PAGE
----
Warmth wrapped over his hand as Ferio’s fingers took hold of his own, and Clef took hold gratefully, letting the touch ground him - there was something real beyond the pain. “Someone’s fetching a couple of healers. You should stay still, before you do something worse to yourself while we’re waiting.”
“Probably best,” Clef managed. He bit his lip against anything else, against the whimper which wanted to break free, and he’d been hurt worse than this before now - but he’d never hit his head like this before, and the thudding agony was starting to eclipse even his leg. He pressed his eyes as tightly shut as he could, against the light and the world.
The first gentle touch on his head, he thought he’d imagined; by the third, even his scrambled thoughts managed to understand that Ferio was stroking his hair, pushing it away from his face. Ferio kept talking, too, but a light commentary about how guilty the various students and their teachers looked, nothing that asked a response from Clef.
It probably wasn’t long before the healers arrived, even though it felt like it, and once they had the brisk efficiency of their magic wiped pain from his head and his leg and wrapped calm down his entire spine before he realised he was even hurting there. When he finally opened his eyes again, blinking against the sunlight but not feeling like it was trying to murder him anymore, Ferio was sat on the edge of the terrace he’d fallen from with a glass of water in his hand and another by his side.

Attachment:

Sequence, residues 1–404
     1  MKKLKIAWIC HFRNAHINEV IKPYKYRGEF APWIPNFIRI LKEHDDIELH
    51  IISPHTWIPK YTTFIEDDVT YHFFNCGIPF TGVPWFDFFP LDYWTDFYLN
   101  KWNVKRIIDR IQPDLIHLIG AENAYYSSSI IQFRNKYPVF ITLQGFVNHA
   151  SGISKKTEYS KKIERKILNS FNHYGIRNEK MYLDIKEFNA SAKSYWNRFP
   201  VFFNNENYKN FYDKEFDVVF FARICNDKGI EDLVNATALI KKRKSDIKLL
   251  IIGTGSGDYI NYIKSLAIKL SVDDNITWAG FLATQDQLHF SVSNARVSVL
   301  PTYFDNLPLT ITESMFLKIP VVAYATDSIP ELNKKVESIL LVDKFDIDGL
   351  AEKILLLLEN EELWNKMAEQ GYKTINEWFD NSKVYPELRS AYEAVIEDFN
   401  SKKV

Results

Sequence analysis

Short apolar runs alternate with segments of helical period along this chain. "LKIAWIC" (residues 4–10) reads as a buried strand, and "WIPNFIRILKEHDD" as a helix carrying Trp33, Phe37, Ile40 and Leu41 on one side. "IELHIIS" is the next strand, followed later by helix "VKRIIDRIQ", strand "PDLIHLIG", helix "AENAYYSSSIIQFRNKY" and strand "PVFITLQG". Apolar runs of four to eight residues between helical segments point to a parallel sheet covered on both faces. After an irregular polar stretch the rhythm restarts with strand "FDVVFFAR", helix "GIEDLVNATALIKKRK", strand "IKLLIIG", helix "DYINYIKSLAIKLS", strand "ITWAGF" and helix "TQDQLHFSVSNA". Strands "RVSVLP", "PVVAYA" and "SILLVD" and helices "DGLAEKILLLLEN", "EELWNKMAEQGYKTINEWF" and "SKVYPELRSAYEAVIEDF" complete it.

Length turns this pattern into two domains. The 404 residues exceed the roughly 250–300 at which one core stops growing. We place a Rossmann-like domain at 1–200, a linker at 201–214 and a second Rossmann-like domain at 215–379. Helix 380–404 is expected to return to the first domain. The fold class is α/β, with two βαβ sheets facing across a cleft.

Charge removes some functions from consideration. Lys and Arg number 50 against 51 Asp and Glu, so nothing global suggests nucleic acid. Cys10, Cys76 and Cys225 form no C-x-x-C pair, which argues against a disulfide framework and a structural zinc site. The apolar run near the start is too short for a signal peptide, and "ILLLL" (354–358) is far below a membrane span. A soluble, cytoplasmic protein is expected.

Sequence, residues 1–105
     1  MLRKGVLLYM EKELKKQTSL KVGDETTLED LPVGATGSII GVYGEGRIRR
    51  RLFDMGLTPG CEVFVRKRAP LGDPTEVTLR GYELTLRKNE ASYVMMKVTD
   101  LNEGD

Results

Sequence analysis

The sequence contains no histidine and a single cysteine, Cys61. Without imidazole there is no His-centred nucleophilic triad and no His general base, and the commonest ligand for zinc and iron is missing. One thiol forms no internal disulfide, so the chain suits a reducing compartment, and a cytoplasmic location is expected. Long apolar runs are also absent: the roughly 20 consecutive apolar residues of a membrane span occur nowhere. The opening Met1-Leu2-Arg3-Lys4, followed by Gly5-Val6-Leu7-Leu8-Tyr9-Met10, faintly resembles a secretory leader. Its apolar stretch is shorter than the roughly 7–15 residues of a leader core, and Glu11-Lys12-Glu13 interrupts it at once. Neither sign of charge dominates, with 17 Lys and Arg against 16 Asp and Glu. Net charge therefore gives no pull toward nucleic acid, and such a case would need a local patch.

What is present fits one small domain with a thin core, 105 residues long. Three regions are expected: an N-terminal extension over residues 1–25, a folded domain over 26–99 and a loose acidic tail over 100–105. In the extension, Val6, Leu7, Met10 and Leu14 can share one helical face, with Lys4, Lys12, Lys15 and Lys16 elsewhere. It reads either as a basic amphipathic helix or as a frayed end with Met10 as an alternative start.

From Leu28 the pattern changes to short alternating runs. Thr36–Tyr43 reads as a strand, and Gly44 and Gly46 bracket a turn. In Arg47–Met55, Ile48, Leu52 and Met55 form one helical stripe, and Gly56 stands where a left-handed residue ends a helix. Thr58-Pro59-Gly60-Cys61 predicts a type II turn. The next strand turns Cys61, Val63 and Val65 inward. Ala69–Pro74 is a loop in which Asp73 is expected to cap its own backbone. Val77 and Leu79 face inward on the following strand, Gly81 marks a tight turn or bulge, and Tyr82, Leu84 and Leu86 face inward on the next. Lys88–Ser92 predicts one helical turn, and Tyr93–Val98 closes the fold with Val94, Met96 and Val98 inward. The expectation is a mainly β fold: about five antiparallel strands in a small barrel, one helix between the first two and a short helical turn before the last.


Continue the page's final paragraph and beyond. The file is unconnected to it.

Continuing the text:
“You sit and have a drink a moment, I’ll come back and check everything’s settled once we’ve sorted the rest of this out,” the healer said, and strode away across the lawn - not quite so beautiful now. It looked like a number of students had been startled enough to lose control of the attacks they were trying to cast; there were a number of them being seen to by the handful of healers who had responded to the call. Clef got himself up, and sat beside Ferio on the terrace, accepting the water gratefully.
“Thank you, Ferio,” he said, and he didn’t mean for the water.
Ferio was silent a long moment, then said “you did the same for me, once. When I was visiting Emeraude. I broke my leg - not as badly as you just did, that was impressive, I think I’m going to have nightmares - and you kept me calm until the healers came. I’d forgotten it entirely - forgotten who stayed with me. I mean, I forgot everything else too. It’s still hazy, here and there, and I don’t know if it’s because of the memory spell or just because I was a kid when things happened, but… I dreamed it, a couple of months ago. And I recognised your voice.”
For a long moment, Clef stayed quiet. He’d not met the Pillar’s young brother that often, but now it was mentioned, he remembered finding Ferio under the tree he’d fallen out of. “…You told me I couldn’t be a very good mage if I couldn’t cast healing spells, they were the most important kind.”
Snorting, Ferio shook his head. “I was a brat.”
“You weren’t wrong. The best spells are the ones which fix things. I’ve never been as good at them as I should have been.” Clef sipped his water, staring up at the Castle, at the place he’d had to build because he couldn’t fix Cephiro.
Then Ferio thumped him on the shoulder, just briefly. “But you’re the best I know at protecting what can be protected. Anyway, sometimes it’s best not to heal things; sometimes it’s best to build something new instead.”
“…I’m pretty happy they didn’t take my leg off and try giving me a new one, actually,” Clef said, and Ferio flung his head back to laugh, loud and clear, and the sound wiped away the last echoes of the pain in Clef’s chest. He sipped his water, and let the shield about the castle gently dissolve away into the warm air, its job done.